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Eastern Birds' Nests by Hal H. Harrison

Eastern Birds' Nests (1975)

by Hal H. Harrison

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Series: Peterson Field Guides (21)

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220186,516 (3.72)None
This guide includes the nest and eggs of 285 species found in the 26 states east of the Mississippi River. Descriptions of breeding range and time, habitat, and nests and eggs are enhanced by 222 color photographs.



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Bought this in Orleans, MA, as I was writing my own book on Birdtalk (which I woud speak on 80 times, including twice in the UK and once in Milano, in Italian). Harrison's greatest gift to my own writing was five years after that book, a verse I wrote nearing retirement as a professor, in favor of Deadwood, the metaphor for old profs. Turns out, many of the birds at my house nest in deadwood: Chickadees, Titmouses, Bluebirds, Hairy and Downy woodpeckers (both with striking, white eggs), Nuthatches, Red-bellied woodpeckers, most owls, even Starlings...
The gender-specific nestbuilding--say, females alone build Bluebird nests, and beautiful Oriole pouches, while male Cardinals occasionally assist--break human conventions in construction, where males dominate. The stunning variety of nests, from flat Mourning Doves' to cupped Warblers' to covered, protective Carolina Wrens', to no nest at all for Cowbirds, Nighthawks, and Whip-Poor-Wills.
Some birds, certain warblers or vireos, use their guano to seal the edge of the nestcup.
Others like Cormorants deposit freely and unintentionally.
Much can be learned about bird behavior by studying their nests, for instance, Phoebes'
brilliant fly-catching, in the air, takes help from their partners to feed growing broods. (I must check if I have this right.)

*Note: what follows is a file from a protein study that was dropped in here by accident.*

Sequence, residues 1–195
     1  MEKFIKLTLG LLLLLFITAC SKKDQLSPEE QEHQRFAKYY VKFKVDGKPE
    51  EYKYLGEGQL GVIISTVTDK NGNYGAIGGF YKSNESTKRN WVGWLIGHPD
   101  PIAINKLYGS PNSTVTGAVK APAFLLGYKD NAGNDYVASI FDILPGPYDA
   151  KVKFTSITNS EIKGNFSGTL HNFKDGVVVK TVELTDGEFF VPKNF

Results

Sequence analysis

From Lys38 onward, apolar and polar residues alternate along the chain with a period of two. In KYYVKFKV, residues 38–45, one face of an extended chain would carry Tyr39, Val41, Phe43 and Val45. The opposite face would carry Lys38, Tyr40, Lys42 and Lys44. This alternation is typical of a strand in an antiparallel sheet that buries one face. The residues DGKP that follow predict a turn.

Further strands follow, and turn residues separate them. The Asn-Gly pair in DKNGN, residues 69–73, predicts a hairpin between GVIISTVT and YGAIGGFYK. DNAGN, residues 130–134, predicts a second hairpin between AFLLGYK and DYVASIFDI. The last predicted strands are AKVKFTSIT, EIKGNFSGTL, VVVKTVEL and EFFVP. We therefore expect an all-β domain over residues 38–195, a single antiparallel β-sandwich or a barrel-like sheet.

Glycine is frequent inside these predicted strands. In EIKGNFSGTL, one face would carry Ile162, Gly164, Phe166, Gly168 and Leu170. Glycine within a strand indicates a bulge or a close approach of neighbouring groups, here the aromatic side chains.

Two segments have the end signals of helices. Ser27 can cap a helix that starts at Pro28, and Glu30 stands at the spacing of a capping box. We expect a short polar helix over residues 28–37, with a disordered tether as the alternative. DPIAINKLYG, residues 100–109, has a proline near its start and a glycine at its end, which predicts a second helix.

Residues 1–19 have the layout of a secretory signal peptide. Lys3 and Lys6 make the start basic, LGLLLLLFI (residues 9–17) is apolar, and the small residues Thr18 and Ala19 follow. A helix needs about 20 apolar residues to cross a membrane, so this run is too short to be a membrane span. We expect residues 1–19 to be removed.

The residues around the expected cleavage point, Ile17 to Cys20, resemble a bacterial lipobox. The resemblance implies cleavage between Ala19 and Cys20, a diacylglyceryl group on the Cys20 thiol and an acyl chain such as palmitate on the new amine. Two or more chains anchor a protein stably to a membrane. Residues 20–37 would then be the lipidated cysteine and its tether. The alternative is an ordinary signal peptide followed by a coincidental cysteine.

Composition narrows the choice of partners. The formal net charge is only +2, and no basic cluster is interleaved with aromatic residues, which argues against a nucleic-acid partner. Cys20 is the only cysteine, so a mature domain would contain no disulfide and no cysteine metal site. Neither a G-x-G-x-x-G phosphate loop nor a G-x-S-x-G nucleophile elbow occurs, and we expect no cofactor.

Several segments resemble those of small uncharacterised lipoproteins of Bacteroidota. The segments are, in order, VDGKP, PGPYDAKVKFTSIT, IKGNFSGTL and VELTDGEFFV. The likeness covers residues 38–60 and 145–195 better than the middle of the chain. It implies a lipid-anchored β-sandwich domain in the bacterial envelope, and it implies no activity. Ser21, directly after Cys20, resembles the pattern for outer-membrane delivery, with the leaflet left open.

Occasional mistaken photos, like the one for Orioles,' not showing the characteristic pendulous pouch that I only see in the Fall, once leaves have left the trees overhanging our two-lane roads, where they often build. I suppose the motorway forbids enemies from glancing up at the inviting nest, having to find it from an angle, as I do--or, usually fail to do until empty.
In Richmond, MA, we had nesting Pileated Woodpecker--impressive, resonant pecking--about one hundred feet away in a partly dead tree. Our house had a second-floor deck on two sides that gave us visual access to the Pileateds. ( )
  AlanWPowers | Apr 26, 2018 |
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» Add other authors (1 possible)

Author nameRoleType of authorWork?Status
Hal H. Harrisonprimary authorall editionscalculated
Harrison, MadaIllustratorsecondary authorsome editionsconfirmed
Smith, NedIllustratorsecondary authorsome editionsconfirmed

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For MADA from Doolin's Run to Eternity
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Preface (p. ix): Probably no face of bird watching will replace the sport of "listing" as the most popular activity of avian devotees throughout the world.
About This Book (p. xvii): Included in this Field Guide are descriptions of range, habitat, nest, and eggs, with miscellaneous notes for 285 species of birds that breed regularly in all or some of the 26 states lying entirely east of the Mississippi River.
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